Goldman divided his time between composing, arranging and conducting. While still in his 20’s, he conducted a number of operas, including Die Meistersinger, Rape Of The Lucretia, and Parsifal.

California

In the early 1940’s, Goldman traveled to California, where he had been offered a job scoring films. His work in Hollywood ran the gamut of genres, ranging from cowboy movies -- The Old Spanish Trail, (starring Roy Rogers), Wild Heritage, The Bells Of San Angelo , Down Laredo Way -- to dramas. Goldman’s most famous score was written for the noir[1] classic, Lady In The Lake, which starred George Montgomery as detective Philip Marlowe.

Judaic music

Despite the lure of Hollywood, Goldman’s real love remained in the world of traditional Yiddish music. He moved back to Cleveland in the early Fifties, where he immersed himself in that genre.

The Golden Door

In 1955, Goldman composed his largest work thus far, a cantata entitled The Golden Door, which was written to celebrate the Jewish Tercentenary (the 300th year of Jewish settlement in the United States). The text to the cantata was written by famed radio biographer Norman Corwin.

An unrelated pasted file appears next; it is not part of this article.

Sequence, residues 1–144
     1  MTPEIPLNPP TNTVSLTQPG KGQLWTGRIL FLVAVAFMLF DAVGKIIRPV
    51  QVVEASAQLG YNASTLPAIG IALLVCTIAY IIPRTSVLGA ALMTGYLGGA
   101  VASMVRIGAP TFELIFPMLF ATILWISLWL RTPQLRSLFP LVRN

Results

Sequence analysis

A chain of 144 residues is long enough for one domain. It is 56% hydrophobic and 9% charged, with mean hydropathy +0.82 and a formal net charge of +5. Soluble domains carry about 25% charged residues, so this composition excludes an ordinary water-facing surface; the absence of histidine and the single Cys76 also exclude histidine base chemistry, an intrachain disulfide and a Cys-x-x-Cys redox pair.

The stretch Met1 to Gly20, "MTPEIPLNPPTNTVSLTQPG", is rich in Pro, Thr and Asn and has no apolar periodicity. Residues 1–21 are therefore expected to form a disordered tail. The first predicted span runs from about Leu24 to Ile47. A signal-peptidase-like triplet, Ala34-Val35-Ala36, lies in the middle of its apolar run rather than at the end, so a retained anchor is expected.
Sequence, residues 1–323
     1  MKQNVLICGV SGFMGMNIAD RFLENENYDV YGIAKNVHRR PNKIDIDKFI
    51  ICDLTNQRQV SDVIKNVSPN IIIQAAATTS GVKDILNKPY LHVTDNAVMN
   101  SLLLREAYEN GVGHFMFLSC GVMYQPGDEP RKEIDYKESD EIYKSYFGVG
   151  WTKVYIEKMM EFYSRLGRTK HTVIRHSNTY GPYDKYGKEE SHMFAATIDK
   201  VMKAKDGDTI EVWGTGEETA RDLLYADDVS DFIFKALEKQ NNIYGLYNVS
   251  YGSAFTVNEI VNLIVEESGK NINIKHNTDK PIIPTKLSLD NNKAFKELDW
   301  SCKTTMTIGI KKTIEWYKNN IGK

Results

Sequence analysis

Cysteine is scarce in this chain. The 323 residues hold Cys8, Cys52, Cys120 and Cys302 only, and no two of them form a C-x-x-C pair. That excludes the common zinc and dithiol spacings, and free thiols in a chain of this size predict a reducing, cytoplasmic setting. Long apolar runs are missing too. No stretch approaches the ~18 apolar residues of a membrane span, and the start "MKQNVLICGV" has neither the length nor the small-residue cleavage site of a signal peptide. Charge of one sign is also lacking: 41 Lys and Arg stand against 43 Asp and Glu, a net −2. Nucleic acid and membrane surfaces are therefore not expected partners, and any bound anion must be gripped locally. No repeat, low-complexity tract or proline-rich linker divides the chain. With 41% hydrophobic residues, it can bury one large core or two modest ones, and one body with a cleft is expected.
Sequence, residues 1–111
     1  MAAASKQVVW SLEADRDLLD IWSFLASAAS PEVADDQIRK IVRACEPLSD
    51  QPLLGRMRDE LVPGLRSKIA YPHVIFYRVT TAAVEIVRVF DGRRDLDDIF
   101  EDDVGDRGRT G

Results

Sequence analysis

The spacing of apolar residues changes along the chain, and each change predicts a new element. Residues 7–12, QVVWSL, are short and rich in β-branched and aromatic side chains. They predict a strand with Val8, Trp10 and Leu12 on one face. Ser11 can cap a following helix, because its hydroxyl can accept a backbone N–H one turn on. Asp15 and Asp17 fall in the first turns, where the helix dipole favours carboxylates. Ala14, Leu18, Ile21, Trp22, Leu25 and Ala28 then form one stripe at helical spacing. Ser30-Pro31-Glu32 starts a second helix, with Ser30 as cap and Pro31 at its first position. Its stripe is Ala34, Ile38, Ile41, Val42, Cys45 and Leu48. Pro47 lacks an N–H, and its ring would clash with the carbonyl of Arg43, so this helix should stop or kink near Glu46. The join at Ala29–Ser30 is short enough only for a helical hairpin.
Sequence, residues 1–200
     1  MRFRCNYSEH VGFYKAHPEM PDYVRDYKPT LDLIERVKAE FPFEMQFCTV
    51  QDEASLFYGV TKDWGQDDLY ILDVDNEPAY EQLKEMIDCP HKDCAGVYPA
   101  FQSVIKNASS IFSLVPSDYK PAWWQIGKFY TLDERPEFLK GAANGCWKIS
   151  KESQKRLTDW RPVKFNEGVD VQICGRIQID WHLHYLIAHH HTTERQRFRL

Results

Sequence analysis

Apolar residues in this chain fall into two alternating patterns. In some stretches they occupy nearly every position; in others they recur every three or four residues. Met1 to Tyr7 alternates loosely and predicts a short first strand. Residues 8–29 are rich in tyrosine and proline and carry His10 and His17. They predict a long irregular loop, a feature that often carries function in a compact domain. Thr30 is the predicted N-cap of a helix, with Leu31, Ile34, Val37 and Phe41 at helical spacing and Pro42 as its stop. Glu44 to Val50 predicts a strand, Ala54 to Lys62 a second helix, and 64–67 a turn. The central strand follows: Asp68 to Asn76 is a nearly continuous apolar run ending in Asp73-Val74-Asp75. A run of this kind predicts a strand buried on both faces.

While in Cleveland, Goldman composed a cantata entitled "Al Nahros Bovel" (“By The Waters Of Babylon).” Based on the 137th Psalm, the piece was one of many Goldman works which were rooted in the Bible.

Goldman returned to California in 1957. In Los Angeles, he served as the musical director for The Bureau of Jewish Education. He also headed up the Los Angeles Opera Company and served as the cantor at University Synagogue.

Despite living in a town which lacked the color and spirit of Cleveland, Goldman continued to compose a multitude songs and cantatas. Despite numerous offers, he refused to return to the film industry.

The closest Goldman got to the "entertainment business" was when he composed the music for an event entitled Action For Humanity. The purpose for the evening was to raise funds for Bonds For Israel. The speakers on the program included film stars Myrna Loy, Edward G. Robinson, Vincent Price, Melvyn Douglas and Glenn Ford. On that evening. which took place at the Hollywood Bowl, Goldman conducted a 42-piece orchestra which was augmented by a 150-voice chorus.

Echoes of Yiddish life